Were all of the messages delivered?

Another important information is analysis of a returned messages. It notifies you whena message isn’t delivered for whatever reason. For example: address is not up to date, recipient has a full mail box etc. This way, you can always have a clean database with valid e-mails. The system will mark invalid e-mail addresses by itself so you don´t send to them in future nor pay for them.

Did someone unsubscribe from my system?

Finally, you can work with log out statistics. They show all the recipients, who clicked on the “unsubscribe” button in your message. You can observe if there is an unusually large number of people unsubscribing from the campaign and ask yourself what may be the reason. When you detect the problem, avoid it in your future campaigns.

What outcome can you expect?

There is no exact number of average results you should be achieving. The numbers will vary according to the area of business and contact database. From what we have learned so far, there are a few conclusions we can share with you.

As a first example, let’s take a regular e-shop that standardly sends weekly e-mails with new offers. An average number of openings goes from 10% to 25%. The clicks of these campaigns are in the one-percent range.

In areas where there are more recipients interested in getting these e-mails, for example communal and free-time activity servers, the number of openings can grow up to 50%. When we add the cases in which the number of readings couldn’t be precisely counted, it is a really satisfying result.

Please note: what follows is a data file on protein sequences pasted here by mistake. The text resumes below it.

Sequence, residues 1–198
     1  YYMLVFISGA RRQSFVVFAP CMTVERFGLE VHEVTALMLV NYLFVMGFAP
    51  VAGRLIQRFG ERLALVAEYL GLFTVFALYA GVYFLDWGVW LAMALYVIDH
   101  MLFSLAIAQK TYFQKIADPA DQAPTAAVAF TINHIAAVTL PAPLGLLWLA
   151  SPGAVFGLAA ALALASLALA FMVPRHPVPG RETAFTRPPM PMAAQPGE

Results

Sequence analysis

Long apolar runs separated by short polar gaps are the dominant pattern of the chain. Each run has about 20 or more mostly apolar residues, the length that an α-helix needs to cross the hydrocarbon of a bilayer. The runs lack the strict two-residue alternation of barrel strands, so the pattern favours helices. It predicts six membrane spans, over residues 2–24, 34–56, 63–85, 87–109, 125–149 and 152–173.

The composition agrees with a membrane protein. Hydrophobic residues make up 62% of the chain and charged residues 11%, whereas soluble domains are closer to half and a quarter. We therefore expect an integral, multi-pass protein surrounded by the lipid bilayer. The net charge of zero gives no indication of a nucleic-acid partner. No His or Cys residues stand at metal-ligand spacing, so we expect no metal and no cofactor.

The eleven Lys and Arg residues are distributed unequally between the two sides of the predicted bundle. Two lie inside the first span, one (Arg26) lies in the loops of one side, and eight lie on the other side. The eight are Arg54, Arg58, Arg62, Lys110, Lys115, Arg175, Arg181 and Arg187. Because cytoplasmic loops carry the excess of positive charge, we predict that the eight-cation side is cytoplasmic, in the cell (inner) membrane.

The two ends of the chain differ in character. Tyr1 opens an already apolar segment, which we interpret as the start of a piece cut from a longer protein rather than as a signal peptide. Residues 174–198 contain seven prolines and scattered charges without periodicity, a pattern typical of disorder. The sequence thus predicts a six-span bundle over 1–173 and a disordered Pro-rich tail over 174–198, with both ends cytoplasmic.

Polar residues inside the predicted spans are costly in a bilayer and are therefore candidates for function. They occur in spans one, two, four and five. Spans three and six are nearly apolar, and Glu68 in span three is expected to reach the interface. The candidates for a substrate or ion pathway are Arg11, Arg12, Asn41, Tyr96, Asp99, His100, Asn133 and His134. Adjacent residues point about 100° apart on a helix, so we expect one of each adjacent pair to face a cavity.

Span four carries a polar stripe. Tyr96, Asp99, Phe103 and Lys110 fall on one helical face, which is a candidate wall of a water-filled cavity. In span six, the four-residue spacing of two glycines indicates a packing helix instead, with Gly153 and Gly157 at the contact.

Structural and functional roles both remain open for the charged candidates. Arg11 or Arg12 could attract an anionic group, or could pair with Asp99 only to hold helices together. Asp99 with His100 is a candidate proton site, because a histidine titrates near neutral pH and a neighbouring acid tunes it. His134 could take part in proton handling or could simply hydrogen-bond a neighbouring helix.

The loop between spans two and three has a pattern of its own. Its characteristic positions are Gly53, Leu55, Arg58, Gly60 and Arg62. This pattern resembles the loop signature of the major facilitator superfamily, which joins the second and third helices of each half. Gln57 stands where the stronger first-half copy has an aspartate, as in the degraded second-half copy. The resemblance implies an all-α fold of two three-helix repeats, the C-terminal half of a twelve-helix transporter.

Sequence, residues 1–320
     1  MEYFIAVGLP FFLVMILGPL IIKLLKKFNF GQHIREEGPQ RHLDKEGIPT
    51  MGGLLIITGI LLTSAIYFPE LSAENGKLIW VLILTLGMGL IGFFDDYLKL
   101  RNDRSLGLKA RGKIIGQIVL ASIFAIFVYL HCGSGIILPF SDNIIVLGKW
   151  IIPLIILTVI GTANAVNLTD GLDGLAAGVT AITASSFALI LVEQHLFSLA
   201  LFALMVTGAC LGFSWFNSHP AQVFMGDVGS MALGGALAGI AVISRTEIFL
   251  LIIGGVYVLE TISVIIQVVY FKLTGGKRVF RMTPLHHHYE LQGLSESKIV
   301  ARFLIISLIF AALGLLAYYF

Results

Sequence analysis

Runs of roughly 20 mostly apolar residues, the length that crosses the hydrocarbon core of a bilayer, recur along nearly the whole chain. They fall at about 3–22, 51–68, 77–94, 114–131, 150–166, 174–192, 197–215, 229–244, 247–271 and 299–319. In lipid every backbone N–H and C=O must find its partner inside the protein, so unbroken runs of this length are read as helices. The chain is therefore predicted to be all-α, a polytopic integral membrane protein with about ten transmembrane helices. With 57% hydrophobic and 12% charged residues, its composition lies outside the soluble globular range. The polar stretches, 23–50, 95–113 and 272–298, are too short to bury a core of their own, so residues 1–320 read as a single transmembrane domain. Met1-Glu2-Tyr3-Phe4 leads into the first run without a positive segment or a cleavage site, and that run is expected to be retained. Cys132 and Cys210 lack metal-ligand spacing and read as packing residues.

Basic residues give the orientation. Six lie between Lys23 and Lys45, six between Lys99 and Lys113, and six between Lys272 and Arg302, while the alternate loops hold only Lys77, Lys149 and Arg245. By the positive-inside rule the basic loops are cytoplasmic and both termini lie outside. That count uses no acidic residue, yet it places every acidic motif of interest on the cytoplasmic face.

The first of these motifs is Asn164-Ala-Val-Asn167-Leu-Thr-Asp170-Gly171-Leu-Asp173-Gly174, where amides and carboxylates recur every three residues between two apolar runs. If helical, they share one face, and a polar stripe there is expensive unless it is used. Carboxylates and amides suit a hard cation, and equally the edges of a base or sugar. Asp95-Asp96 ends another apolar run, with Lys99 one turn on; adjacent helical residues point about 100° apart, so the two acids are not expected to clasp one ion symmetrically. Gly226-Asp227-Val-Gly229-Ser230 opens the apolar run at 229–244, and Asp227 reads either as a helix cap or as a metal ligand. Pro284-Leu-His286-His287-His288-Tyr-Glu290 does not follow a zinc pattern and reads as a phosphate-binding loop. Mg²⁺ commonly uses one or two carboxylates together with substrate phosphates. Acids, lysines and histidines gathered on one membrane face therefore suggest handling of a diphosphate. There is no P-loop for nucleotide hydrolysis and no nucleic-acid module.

Generally, it’s better not to focus on a particular number when reading statistics, but to compare results of each campaign. Or even better, take a look at your statistics of clicks and find which content is the most attractive to your readers.

Why does the number of opened e-mails decrease over time?

It’s perfectly normal that this happens with the first few campaigns. When the recipients receive your first e-mail, they are curious because they never received anything like that before. But after you send similar e-mails for a while, the factor of curiosity slowly vanishes. Or are the e-mails getting less and less interesting?

Note: If the numbers of opened e-mails seem to stay on the same level, they are still being seen by different people. Try it on yourself. You open a newsletter in August, but in September you won’t be interested in it anymore. However, your neighbour didn´t open it in August, because he was on vacation. He might read one in September, perhaps more of them and the number of opened e-mails stays the same, but the readers are different.

A/B testing

Testing is a very effective way to determine what is working and what people react to. It’s better to do this with a larger database containing at least 1,000 contacts, data is then more relevant.

The most common testing is that of a message subject. You create the same content, but use subject A for one part, and subject B for the other. Then you send a testing campaign to a 20% of your database. According to the results, you will send the more successful one to the rest of recipients.

You can test the e-mail content, headlines, calls to action etc., in the same way. A/B testing is not much different from the testing of web sites.